Two of the more comical chaps on our float have an obsession with muddied mischief. One is dressed in a costume covered with a tiny crawfish print, while the other’s is printed with miniature Confederate flags. They dive into dirty ditches then hop back on board the float wringing wet. It’s only a matter of time before they come crashing down on me, so I curl up in a ball caressing my camera like a sleeping infant.
There is some order to this madness though. The impressive co-captains of the parade – handsome men sitting tall on their steeds with lassos hanging from their saddles – blend in perfectly. With their flowing green and gold capes they’re almost like superheroes, eager to help anyone who finds themself in distress.
At midday, the krewe stops for lunch alongside a vast crawfish pond. Throngs of parade-goers line up like starving zombies, eager to scoff down a lavish link of boudin. It’s made the traditional way – a blend of spices, liver and rice squeezed into a slippery skin of pig intestine. You suck the yummy meat out of the casing into your mouth. Sure, it looks slightly X-rated but no one cares when everyone is this hungry.
As the day wears on, the music gets louder, the lips looser and the beer – well, it’s everywhere. Pick-up trucks bearing eskies filled with cold brews provide refreshment all along the route.
One of our by now extremely muddy cohorts jumps into a ditch and emerges with two crawfish to demonstrate his knack for making creature-feature earrings. “See, look, you just put the claws next to that meaty part of your earlobe,” he says, turning his head towards me and wincing a bit. “Then a quick pinch and you have a crawfish earring.”
By now, we’ve been going for hours and exhausted revellers hop on trailers to rest for a while. Jumping aboard a moving vehicle, however, is a bit tough, especially if you’ve been imbibing all day. They pick up the pace, running as fast as they can. Some have beads tangled around their necks seemingly about to choke them. With one giant leap, they stumble aboard the trailer and everyone cheers, raising their beer cans.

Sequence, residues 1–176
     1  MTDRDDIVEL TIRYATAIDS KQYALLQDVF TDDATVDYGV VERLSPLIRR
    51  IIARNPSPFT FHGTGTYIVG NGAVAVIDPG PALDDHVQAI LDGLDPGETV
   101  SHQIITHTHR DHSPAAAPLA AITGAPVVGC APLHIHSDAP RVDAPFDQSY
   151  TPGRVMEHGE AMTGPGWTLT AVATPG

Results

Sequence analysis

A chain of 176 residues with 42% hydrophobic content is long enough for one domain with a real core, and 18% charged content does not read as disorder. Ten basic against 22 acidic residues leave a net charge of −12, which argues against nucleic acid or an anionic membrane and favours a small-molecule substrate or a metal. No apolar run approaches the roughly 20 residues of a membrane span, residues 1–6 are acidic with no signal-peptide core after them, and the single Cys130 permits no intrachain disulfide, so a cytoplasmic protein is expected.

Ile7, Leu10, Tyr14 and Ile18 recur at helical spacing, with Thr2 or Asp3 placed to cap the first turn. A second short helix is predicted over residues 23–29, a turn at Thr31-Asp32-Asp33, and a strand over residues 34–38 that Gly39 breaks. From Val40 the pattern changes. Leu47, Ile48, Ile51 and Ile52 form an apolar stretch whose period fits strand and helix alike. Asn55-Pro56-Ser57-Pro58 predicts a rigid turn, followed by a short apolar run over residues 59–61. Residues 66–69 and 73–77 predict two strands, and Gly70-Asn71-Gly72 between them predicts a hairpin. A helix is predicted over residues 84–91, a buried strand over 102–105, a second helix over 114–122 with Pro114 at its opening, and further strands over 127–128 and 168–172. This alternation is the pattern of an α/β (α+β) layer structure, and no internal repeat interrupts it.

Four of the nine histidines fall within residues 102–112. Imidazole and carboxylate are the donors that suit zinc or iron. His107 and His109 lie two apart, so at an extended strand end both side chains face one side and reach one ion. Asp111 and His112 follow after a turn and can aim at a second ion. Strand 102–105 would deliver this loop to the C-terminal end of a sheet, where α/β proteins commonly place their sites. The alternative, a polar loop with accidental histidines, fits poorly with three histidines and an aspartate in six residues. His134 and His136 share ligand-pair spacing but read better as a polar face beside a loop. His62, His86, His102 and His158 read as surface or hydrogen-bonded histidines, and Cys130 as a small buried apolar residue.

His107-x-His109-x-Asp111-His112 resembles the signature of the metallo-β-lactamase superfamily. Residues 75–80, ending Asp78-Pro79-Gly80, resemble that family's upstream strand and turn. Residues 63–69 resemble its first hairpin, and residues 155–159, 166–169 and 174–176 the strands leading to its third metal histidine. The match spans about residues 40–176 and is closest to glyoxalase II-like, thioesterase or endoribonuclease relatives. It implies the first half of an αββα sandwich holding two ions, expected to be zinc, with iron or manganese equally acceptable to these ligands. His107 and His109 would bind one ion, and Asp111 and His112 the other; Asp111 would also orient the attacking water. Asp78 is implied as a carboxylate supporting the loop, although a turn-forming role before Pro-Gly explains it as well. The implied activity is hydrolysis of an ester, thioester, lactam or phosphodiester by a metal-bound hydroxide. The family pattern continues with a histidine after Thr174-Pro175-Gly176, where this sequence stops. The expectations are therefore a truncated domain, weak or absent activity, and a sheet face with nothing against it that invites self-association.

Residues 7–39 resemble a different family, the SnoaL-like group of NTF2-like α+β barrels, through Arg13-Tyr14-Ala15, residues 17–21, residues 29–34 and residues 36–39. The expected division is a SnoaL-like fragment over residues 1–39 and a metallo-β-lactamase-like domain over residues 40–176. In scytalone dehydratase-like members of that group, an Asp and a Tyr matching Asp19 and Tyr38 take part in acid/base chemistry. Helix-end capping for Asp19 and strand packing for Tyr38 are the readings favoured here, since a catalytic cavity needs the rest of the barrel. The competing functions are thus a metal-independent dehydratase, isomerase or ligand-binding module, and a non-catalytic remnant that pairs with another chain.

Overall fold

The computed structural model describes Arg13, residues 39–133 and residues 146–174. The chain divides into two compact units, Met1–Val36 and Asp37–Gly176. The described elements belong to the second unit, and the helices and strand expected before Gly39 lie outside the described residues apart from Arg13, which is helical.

I’m now perched on the edge of an esky, just enough to keep my balance. There’s crazy stuff going on around me, so I scribble some notes to prove to myself later that I wasn’t hallucinating. A strange light is emanating from some silver silos, making them look like spaceships. “Hey, y’all, I need another swig of that Crown,” I yell, believing yet more alcohol might sharpen reality.
The landscape slowly changes from farmland to a few scattered homes before we finally enter downtown, where families with young children eagerly await the floats. With that, the masked marauders retreat to their roots.
One lively Cajun approaches a small boy and falls to his knees with hands clasped, begging for money. A bit timid, the youngster creeps forward then slowly drops a few coins into his hands. The masked gent bows his head in thanks, and slowly steps away. The minute his feet touch the road once more, he breaks into a Cajun jig.
United Airlines flies from Australia’s east coast to Louis Armstrong New Orleans International Airport via San Francisco. Eunice is about a three-hour drive from NOLA, and there is a consolidated car rental centre, with nine operators, at the airport.
There are a number of chain hotels, cottages and guesthouses in Eunice. For convenience during Mardi Gras, Days Inn & Suites is located close to the community centre. It’s also near local music venues like Fred’s Lounge and the Savoy Music Center, as well as historic Nick’s on 2nd where you can get a Cajun plate lunch, sit at the bar or catch some local music. From about AU$110 a night.
Eunice’s Courir de Mardi Gras celebration is spread across five days, with multiple parades, live music, the Fais Do-Do Barn Dance and much more on 2nd Street. Dates change each year, but the festival lasts for four days, finishing on Fat Tuesday.